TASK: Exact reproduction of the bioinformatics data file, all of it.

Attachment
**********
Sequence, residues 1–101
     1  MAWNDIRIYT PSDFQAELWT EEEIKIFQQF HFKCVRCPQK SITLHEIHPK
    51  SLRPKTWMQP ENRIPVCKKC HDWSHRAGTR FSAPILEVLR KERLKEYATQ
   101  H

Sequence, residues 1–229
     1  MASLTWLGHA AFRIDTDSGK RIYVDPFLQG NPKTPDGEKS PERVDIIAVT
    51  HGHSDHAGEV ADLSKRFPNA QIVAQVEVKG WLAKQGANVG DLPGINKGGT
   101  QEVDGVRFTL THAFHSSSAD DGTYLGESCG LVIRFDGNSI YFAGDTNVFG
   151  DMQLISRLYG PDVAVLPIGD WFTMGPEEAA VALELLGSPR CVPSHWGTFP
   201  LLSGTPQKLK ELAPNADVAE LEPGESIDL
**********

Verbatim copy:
Sequence, residues 1–101
     1  MAWNDIRIYT PSDFQAELWT EEEIKIFQQF HFKCVRCPQK SITLHEIHPK
    51  SLRPKTWMQP ENRIPVCKKC HDWSHRAGTR FSAPILEVLR KERLKEYATQ
   101  H

Sequence, residues 1–229
     1  MASLTWLGHA AFRIDTDSGK RIYVDPFLQG NPKTPDGEKS PERVDIIAVT
    51  HGHSDHAGEV ADLSKRFPNA QIVAQVEVKG WLAKQGANVG DLPGINKGGT
   101  QEVDGVRFTL THAFHSSSAD DGTYLGESCG LVIRFDGNSI YFAGDTNVFG
   151  DMQLISRLYG PDVAVLPIGD WFTMGPEEAA VALELLGSPR CVPSHWGTFP
   201  LLSGTPQKLK ELAPNADVAE LEPGESIDL